Congressional Pay Raise Headed for Senate-House Deadlock

June 23, 2019 Updated: June 24, 2019

WASHINGTON—Legislation that will clear members of Congress to receive a $4,500 cost-of-living-adjustment (COLA) pay raise appears to be headed for a vote this week in the House of Representatives, but the Senate is going in the opposite direction.

House Majority Leader Steny Hoyer (D-Md.) expects the lower chamber to vote on the legislative funding proposal that doesn’t include specific language rejecting the COLA.

Under a 2009 law, senators and representatives—who are currently paid $174,000 or more—automatically get annual COLAs, unless they pass legislation explicitly rejecting the increased pay. The $4,500 represents a 2.6 percent pay increase.

The COLA has been rejected every year since 2009, but both Hoyer and House Republican Leader Kevin McCarthy (R-Calif.) said June 20 they support allowing the increase to take effect in 2020.

Hoyer told Roll Call the legislative funding bill, minus the COLA rejection language, that House leaders pulled from a vote earlier this month will be back on the floor June 25 or June 26.

Asked if he expects the measure to be approved, Hoyer said, “We’ll see. But I feel very strongly that’s the correct policy.” McCarthy told Roll Call the same day that he doesn’t “believe Congress should only be a place for millionaires.”

McCarthy also noted, however, that Senate Majority Leader Mitch McConnell (R-Ky.) opposes the COLA and “that does complicate the path for this to become law.”

Pay Raise Opposition

Bolstering Senate opposition was a June 19 vote by the Senate Committee on Homeland Security and Government Affairs to adopt an anti-pay-raise measure co-sponsored by Sen. Rick Scott (R-Fla.) and Sen. Mike Braun (R-Ind.).

The Scott-Braun “No Budget, No Pay Act” was approved along with a technical amendment introduced by Sen. Kyrsten Sinema (D-Ariz.) on a 9–5 roll call vote.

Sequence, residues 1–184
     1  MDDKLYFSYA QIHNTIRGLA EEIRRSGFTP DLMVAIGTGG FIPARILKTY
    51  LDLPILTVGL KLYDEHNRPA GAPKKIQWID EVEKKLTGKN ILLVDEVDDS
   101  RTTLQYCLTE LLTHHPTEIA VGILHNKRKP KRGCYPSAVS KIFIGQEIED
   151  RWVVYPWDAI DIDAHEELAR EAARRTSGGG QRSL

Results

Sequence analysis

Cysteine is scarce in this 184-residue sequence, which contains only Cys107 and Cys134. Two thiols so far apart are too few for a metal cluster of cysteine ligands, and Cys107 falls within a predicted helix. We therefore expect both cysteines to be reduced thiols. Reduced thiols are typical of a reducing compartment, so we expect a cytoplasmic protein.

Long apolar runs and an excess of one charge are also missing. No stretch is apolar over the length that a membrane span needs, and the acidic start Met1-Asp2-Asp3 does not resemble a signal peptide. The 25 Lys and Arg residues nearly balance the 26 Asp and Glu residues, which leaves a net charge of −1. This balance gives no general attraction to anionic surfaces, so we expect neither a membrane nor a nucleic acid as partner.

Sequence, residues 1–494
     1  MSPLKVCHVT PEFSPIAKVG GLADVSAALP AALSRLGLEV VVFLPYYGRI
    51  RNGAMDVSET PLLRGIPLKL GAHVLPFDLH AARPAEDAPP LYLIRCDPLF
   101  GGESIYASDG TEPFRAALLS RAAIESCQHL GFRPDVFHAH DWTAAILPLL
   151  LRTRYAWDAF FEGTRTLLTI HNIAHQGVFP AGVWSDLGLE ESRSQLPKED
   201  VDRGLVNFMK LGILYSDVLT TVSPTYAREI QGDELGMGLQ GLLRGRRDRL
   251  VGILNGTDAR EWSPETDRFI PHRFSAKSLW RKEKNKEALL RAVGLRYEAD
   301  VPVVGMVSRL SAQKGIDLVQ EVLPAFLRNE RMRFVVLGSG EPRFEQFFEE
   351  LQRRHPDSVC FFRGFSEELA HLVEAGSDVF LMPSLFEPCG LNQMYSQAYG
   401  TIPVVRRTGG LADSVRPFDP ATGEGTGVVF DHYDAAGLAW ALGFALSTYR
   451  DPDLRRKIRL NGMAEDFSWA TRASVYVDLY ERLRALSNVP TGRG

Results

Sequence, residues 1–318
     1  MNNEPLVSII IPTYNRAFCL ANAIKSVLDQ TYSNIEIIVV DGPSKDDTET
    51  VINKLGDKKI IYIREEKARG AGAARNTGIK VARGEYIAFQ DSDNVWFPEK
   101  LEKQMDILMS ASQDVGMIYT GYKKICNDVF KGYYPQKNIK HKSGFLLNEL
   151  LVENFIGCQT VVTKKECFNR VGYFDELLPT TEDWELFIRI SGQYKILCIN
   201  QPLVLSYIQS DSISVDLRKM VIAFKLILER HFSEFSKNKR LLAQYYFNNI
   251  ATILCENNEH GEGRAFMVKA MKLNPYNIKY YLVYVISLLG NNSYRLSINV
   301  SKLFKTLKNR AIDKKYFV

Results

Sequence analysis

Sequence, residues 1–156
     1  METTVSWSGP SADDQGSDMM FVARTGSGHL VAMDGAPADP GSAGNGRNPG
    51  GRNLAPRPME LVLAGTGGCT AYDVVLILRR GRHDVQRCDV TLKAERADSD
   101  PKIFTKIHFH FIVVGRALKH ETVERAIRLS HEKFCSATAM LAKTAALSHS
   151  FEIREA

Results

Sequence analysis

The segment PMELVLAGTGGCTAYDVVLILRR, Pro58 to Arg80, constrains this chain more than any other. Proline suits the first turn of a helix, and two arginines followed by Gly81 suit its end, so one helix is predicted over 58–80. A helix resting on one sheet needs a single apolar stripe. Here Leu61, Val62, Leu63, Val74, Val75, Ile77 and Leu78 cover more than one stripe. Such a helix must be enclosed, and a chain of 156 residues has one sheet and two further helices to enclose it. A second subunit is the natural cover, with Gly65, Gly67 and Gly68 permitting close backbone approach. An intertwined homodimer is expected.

Several Republican members of the panel, including committee chairman Sen. Ron Johnson (R-Wis.), voted against the Scott-Braun-Sinema measure, which would require congressional pay to be placed in escrow and withheld whenever Congress fails to fund the government.

Sen. Rand Paul (R-Ky.) said he opposed the proposal because “it creates a two-tiered system where the wealthy members won’t be affected at all … where the wealthy people will vote however they want to and you’ll put extra pressure on those who are middle class” to support raises.

Paul also said the proposal would unfairly hurt rank-and-file members. Most of the disagreements that result in government shutdowns, he said, are resolved by the president and congressional leaders, leaving rank-and-file members with only up-or-down votes on typically huge bills with no amendments allowed.

“I don’t think anybody deserves not to be paid when they are showing up to work and trying to do what they are doing,” Paul said.

Sen. Mitt Romney (R-Utah) also voted against the proposal, saying: “I’m very concerned for the precedent we set by not paying members of Congress for votes they might take. I just think we have to ask ourselves: Do we want to start using pay to put pressure on people to vote a certain way and having people make their decisions in part on getting more money for themselves?”

After the vote, Scott issued a statement, saying: “If members of Congress cannot work together to pass a budget, they should not be getting paid. It’s pretty simple. If we can’t do our jobs, we shouldn’t get a taxpayer-funded salary.”

Scott said his proposal with Braun “requires Congress to pass an annual budget and meet appropriations bill deadlines, or forgo their own salaries until the job is done.”

He also encouraged “all senators who voted no today to re-consider when this legislation gets to the floor. There is no reason members of Congress should be held to a different standard than American families and businesses across the nation. Accountability shouldn’t be controversial.”

Braun added, “In the real world, nobody gets rewarded for not doing their jobs, and today’s victory for ‘No Budget, No Pay’ is a big step toward pulling Washington out of la-la land and getting Congress working for the American people again.”

Despite Hoyer’s determination, there is no guarantee of success because there is bipartisan opposition in the House.

Perhaps the most notable is Rep. Cindy Axne (D-Iowa), who told The Epoch Times June 6 that she won’t accept the COLA if it is approved.

“My colleagues, over the past several days, have promoted a pay raise for congress-people, but as I look at this, I see a Congress that is dysfunctional … As I did during the government shutdown, and I requested that my pay be withheld, I would refuse this increase as well,” she said.

The Iowa Democrat introduced legislation that will prevent higher pay, require congressmen on official business to fly at the lowest available commercial rate, and permanently ban departing members from becoming lobbyists.

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